Peter Moskos said...

Funny, I was just about to post about this. Yes, even routine calls for service -- calls that one officer could have handled pre-riots -- now need multiple officers on scene because you have 20 people running out with cell phones and surrounding the officer. For police, it's distracting, potentially dangerous. People get too close and in the way. And yes, it contributes to fewer discretionary arrests.

The officers I've spoken to say crowd interference is a real issue right now.

I don't know why it's not being covered in the national media. Probably because they're not in Baltimore any more! But also I suppose it doesn't fit into the narrative that police are the problem.

Anonymous said...

If African Americans put as much enthusiasm and energy as they did during protests towards these 40 homicides this month the crime rate could be much lower.

Peter Moskos said...

You mean that collectively? Like all all 40 million blacks in America? Or just a few in particular? But then which exactly are you talking about?

Also what did you do?

Peter Moskos said...

Myself? Today a wrote a few blog posts and watched the Cubs lose a baseball game. And then I had a few drinks and watched the NY Rangers lose a hockey game.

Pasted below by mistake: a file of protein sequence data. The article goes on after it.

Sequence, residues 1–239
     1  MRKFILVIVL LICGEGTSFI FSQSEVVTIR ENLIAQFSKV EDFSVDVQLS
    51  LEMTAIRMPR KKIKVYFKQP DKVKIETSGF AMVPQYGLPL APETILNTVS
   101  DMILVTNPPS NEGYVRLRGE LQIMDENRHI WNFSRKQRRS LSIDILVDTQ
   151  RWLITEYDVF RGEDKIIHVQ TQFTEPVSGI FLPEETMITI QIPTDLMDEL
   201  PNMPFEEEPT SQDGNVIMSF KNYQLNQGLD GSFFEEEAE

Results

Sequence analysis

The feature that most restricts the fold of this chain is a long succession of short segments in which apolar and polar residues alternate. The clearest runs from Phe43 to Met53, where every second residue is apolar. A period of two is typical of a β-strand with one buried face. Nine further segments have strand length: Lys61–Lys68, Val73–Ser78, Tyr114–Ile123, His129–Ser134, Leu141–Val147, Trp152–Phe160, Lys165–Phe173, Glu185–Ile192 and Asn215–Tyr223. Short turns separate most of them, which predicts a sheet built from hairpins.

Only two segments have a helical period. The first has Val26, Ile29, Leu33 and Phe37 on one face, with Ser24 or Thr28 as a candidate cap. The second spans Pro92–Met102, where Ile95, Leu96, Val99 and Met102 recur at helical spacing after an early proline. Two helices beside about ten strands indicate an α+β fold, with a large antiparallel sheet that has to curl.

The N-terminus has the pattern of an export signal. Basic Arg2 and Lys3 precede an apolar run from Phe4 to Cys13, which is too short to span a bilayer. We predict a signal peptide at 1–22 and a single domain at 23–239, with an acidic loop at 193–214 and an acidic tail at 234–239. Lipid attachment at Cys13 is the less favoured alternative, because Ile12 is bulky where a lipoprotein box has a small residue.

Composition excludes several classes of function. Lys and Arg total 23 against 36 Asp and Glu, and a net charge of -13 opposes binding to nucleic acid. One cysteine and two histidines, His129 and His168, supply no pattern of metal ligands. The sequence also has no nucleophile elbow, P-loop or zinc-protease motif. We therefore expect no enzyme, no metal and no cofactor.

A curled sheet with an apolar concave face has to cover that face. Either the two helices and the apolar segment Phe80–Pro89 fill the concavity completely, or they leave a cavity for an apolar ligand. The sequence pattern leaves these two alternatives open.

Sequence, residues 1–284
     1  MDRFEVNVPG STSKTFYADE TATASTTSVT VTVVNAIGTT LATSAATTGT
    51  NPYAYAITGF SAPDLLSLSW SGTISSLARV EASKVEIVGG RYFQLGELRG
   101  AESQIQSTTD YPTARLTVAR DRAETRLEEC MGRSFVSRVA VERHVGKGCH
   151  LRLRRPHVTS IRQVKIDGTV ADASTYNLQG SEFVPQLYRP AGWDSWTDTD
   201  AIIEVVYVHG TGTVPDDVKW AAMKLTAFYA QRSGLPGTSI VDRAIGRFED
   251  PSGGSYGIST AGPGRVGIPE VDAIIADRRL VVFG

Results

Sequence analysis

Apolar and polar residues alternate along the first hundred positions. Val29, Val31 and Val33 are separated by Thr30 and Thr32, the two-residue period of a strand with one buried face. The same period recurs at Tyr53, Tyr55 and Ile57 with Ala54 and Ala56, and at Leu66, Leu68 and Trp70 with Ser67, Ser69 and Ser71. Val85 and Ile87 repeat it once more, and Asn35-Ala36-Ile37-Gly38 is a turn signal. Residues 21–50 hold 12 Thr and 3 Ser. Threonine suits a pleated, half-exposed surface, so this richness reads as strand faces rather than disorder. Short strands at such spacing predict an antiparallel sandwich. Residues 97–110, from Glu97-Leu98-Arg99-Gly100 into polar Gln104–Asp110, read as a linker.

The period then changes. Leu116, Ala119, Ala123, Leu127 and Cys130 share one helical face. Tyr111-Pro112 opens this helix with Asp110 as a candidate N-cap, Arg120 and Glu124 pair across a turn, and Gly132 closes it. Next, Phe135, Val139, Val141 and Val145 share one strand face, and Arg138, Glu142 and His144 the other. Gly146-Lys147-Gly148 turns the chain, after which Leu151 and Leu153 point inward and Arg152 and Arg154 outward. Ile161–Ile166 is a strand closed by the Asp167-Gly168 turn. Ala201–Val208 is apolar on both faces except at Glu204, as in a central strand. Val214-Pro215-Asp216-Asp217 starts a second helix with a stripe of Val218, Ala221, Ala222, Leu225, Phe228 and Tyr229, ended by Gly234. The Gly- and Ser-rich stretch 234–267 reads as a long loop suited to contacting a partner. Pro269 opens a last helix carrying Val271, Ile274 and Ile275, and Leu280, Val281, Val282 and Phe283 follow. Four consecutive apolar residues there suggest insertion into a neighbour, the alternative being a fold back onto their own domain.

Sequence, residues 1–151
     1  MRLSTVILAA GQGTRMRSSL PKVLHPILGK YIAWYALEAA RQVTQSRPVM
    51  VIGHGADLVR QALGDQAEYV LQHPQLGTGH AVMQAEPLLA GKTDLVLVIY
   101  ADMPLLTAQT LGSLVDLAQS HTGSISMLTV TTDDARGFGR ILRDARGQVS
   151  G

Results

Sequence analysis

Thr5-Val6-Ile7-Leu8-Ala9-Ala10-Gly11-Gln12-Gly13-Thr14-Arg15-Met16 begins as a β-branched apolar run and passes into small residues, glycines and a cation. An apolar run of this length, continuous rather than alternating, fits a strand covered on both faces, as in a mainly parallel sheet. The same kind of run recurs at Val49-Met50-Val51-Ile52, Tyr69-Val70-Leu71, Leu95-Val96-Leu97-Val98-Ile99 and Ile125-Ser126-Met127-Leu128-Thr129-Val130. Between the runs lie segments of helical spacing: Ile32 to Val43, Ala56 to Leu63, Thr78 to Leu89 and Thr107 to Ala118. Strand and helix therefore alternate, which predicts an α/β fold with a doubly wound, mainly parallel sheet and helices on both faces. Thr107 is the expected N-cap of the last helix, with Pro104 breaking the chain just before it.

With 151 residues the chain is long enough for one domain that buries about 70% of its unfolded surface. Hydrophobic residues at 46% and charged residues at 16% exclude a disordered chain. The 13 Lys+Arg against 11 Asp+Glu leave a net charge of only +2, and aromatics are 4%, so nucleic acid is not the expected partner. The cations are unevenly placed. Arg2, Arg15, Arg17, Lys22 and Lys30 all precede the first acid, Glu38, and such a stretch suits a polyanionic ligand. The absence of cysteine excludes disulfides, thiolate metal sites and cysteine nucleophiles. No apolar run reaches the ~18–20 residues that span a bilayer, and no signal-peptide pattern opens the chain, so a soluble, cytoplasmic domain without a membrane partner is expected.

I hope you put more energy into fighting homicide than I did!

Anonymous said...

Homicide numbers in Baltimore plummeted once the Shock Trauma Center opened in 1973, which was the first of its kind in the country. Probably a number of the 1990 victims could have been saved with the medical advances since 1990, especially taking into account everything that was learned treating the severely wounded in the wars in Iraq and Afghanistan. So, the numbers are even worse than they appear.

Peter Moskos said...

For that reason. Shootings are a better stat. But they're much harder to get, consistently. Certainly, and it has been proven, shot people are much less likely to die now than in previous years. There was a very good Wall Street Journal article on that, with some hard numbers, a few years ago.

Adam said...

Not sure I can take sole credit for this, but I emailed a link to this blog post to the Baltimore Sun, and they've since cited you in their
latest story. Did they consult you at all? I'm glad they gave you full credit for the work. Well done.

43 homicides and still a few more hours left in the month. Insane.

Anonymous said...

Baltimore Police, Cleveland Police and other scrutinized police departments need to continue to cease proactive police work (strike) in order to show the country what the effects of this war on police will be. Show up to work everyday, work hard on responding to calls but continue to cease proactive work because it's not worth getting in fights, foot pursuits, car chases and potential shootings and find yourself to be the next one indicted or fired. This strike needs to continue until these indicted officer cases are resolved.